The Cognitive Sphere

Input/output system

A well-functioning input/output system is characterized by a fast and effortless reaction to external irritants. In other words, if you perceive external information without feeling discomfort, your mental health is stable. Reactions can differ from person to person, since some enjoy working in a buzzing open space, while others need total silence to concentrate. However, if you start feeling stressed when the light is too bright, the noise is too loud, or by Susan’s continuous and unsolicited hugs, there is probably something off with your cognitive sphere.


Multitasking is familiar to all of us. Our brain is a single-core processor that can only handle one task at a time. When we talk about multitasking, we generally mean the number of things  kept in your memory simultaneously. If this number is decreasing, it could be a symptom of chronic fatigue syndrome or neurasthenia. When we are in a constant state of exhaustion or overloaded with strong emotions of stress and anxiety, it affects our memory. If you begin having a difficult time remembering things,  it can be a signal that your mental health is not okay.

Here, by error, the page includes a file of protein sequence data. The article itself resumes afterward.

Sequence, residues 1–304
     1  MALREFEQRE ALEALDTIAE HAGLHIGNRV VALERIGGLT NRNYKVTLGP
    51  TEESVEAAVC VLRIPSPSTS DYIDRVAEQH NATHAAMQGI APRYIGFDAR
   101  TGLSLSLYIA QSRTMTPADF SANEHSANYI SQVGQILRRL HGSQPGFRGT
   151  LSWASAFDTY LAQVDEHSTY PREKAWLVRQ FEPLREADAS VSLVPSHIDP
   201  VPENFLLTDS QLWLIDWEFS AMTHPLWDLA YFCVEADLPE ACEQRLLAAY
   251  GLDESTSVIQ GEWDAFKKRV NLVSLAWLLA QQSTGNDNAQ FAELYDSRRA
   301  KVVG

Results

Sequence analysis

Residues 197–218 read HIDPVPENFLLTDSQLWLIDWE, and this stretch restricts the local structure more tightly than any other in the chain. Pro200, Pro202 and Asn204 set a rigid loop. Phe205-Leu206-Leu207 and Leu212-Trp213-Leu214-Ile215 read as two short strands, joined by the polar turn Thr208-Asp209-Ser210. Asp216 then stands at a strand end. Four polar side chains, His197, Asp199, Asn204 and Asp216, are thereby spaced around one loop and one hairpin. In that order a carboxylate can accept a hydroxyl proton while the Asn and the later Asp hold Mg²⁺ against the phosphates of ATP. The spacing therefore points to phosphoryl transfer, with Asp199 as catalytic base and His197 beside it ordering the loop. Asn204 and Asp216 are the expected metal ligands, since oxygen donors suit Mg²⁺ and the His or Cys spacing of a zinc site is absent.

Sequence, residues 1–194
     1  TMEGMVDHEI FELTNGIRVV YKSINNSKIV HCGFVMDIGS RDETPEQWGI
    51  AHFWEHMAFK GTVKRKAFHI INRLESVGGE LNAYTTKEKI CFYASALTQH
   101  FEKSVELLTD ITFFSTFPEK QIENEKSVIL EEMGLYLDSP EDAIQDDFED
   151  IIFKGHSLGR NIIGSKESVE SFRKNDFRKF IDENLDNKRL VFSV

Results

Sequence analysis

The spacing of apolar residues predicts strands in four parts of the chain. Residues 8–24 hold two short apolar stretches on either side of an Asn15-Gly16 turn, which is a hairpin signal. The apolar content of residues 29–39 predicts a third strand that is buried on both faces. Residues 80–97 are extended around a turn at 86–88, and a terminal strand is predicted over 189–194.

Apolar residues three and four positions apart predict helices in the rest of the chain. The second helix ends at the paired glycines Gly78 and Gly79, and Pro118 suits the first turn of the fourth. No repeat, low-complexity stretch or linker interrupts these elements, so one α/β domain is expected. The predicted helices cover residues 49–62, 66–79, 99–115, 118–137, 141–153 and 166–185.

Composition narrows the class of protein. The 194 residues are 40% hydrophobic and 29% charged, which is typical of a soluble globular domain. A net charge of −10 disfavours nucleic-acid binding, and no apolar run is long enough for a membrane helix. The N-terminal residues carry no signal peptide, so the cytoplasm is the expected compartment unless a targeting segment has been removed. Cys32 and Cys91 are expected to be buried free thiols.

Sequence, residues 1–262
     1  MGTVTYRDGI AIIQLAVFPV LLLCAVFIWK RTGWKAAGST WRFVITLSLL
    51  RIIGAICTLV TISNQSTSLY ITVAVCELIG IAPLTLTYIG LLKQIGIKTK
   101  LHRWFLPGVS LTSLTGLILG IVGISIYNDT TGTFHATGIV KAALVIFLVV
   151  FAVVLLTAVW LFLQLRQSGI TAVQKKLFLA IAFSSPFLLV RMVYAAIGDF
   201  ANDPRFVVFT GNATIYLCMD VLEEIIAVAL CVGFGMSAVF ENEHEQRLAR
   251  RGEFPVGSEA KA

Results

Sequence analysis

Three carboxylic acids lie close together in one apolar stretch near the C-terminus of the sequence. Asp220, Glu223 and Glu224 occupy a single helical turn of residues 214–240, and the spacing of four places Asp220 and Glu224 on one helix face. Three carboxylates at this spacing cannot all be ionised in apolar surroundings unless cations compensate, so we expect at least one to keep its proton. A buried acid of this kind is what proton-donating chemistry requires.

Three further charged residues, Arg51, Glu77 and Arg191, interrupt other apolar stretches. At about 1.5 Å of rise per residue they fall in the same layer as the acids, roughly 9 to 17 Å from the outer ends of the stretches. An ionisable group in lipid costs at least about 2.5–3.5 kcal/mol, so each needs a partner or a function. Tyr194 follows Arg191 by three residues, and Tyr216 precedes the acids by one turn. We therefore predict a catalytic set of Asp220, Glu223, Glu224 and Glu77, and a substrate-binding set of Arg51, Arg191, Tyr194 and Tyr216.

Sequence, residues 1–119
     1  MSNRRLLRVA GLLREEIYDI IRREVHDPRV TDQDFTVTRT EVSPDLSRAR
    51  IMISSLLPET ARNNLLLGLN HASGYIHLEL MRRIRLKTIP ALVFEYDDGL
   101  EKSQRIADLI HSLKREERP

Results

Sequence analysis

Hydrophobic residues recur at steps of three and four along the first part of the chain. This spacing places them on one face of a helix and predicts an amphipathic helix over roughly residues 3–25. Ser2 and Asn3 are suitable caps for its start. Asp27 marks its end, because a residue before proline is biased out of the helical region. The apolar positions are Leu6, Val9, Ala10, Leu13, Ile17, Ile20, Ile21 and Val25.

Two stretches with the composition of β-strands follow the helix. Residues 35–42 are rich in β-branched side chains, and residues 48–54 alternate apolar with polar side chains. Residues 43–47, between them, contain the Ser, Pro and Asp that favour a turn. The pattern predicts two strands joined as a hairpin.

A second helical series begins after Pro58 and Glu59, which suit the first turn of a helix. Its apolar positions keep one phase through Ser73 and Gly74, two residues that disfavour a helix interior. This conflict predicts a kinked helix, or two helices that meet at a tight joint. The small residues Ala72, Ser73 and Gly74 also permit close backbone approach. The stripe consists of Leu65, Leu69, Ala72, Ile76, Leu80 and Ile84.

Video Card

Imagination is crucially important for creative jobs. The ideal creative process looks like this: information is uploaded to your brain, it zimmers for a couple of hours or even weeks, then creative results are produced by your video card. Unfortunately, surrounded with deadlines and eager clients, our imagination is kept in overload and pushed beyond its limits. We are doing our best to squeeze out a creative idea every hour or so. Our brains can temporarily compensate for the stress and productive work needed, but at the end of the day, we will eventually burn out. If you feel zero motivation to be creative and your ideas are no longer bringing you joy, your video card may be overheated and in dire need of a break.


Most of us are familiar with the IQ test. But, what you may not know, is that it doesn’t actually show how intelligent you are. Instead, it shows how well you are able to think. For a mentally strong person, it shouldn’t be challenging to solve simple puzzles or count backward from 20. However, if you are chronically tired, anxious, or depressed, the speed of your thinking process slows down and you can have a difficult time solving the simplest equations. You may also have a feeling of discomfort or lingering headaches from thinking too much.

The Emotional Sphere

Things are more complicated with the emotional sphere. The cognitive sphere is directly related to our physical health (the level of vitamins and glucose), and psychological health (the levels of anxiety, stress and depression), which are both easy to understand using medical tests. But emotions are complex and can’t be calculated. Let’s look at the four basic emotions: sadness, fear, anger, and joy.